Letter to the Editors

Bob Spaulding, Contributing Writer

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As a Mac grad and past donor to Macalester, I read The Mac Weekly regularly to learn about the intellectual climate at the college. It was dismaying to learn that some students were able to prevent “The Green Sheik” from speaking because he is from the United Arab Emirates, despite his bona fides as an environmentalist and humanitarian. It also appears that demonstrators were prepared to disrupt his talk, thus exercising the “heckler’s veto.”

Students were thus deprived of the opportunity to hear the viewpoint of someone who might have disagreed with them on a range of issues. We can’t have that now, can we?

Is Macalester still a true liberal arts college, or a monoculture of like-minded, politically correct social justice warriors, intolerant of viewpoint diversity? Based upon my conversations with students and faculty, participation in Alumni Weekends for many years and regular reading of The Mac Weekly, Macalester has abandoned its liberal arts mission.

Evidence? Macalester has approximately 100 recognized student clubs and groups. I counted 14 that were political or ideological. Thirteen leaned left, and one — MacGOP — leaned right. Outside paid speakers in recent years totaled 14. Of the eight speakers that were political or ideological, all eight were left of center, none right. The Mac Weekly, in describing events and developments on campus reflects a social justice atmosphere in its editorials and news reporting with nary a dissent from conservative or libertarian students. The latter do exist, however. One told me he keeps his head down in class discussions so as not to hurt his grade or alarm others. Such self-censorship by some should not exist in an institution that claims to be about liberal arts.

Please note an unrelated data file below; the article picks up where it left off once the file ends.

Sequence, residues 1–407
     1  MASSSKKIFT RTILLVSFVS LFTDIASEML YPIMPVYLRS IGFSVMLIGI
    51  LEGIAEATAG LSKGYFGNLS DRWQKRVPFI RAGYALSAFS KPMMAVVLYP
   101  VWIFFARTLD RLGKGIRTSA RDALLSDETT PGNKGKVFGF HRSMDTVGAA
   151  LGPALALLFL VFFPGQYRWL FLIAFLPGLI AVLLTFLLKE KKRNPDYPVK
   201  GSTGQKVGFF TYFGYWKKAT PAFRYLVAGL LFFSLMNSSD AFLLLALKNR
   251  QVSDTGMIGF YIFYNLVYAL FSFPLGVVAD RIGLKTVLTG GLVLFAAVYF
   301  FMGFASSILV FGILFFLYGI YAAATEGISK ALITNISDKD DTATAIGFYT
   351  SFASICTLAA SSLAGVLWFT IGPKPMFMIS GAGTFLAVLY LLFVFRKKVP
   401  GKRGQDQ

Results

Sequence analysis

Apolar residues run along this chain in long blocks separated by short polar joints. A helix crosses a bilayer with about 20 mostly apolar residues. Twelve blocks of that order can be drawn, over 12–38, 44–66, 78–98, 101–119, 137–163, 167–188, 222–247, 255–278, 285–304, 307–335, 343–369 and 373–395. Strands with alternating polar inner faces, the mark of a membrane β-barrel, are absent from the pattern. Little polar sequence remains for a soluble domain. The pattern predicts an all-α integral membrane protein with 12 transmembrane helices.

As a retired economics professor, I worry about the financial future of Macalester for several reasons. It has long been blessed by a relatively large endowment, thanks mostly to a long-ago gift from the founder of Reader’s Digest — a conservative magazine, by the way. The endowment has benefited from stock market holdings that are four times higher (Dow Jones Average) from their low point 10 years ago. Such gains have also prompted wealthy alumni to contribute. But it has been over 10 years since our last recession — the longest recovery in history. If a “reversion to the mean” occurs, how will Macalester’s endowment fare? Other looming problems are the decline in the college-age population, a rise in large corporations seeking to hire non-degreed applicants who can prove competencies by means other than a college degree, and the election of any of the leading Democratic Party candidates promising free college for all (which would have to exempt, by law, private colleges). But the biggest financial blow to Macalester may be the decline in donations from alumni who learn their alma mater no longer delivers the education they benefited from.

From what I know about the United Arab Emirates, there is much to dislike. We don’t know whether “the Green Sheik” is an apologist for the actions of the UAE or a genuine reformer trying to improve its policies. Students won’t be able to challenge him with tough questions or seek to learn if the UAE is reforming. Viewpoint diversity is not tolerated at Macalester.

College should be a time of intellectual exploration that welcomes differing points of views, not a closed society of like-minded students, faculty and administrators afraid to engage in constructive disagreement. Instead, Macalester students seem to marinate in an atmosphere of political correctness where the party line must be adhered to. They will emerge after four years unchallenged in their ideologies, sheltered in their safe space from developing critical thinking skills and unable to cope with a world full of competing viewpoints.

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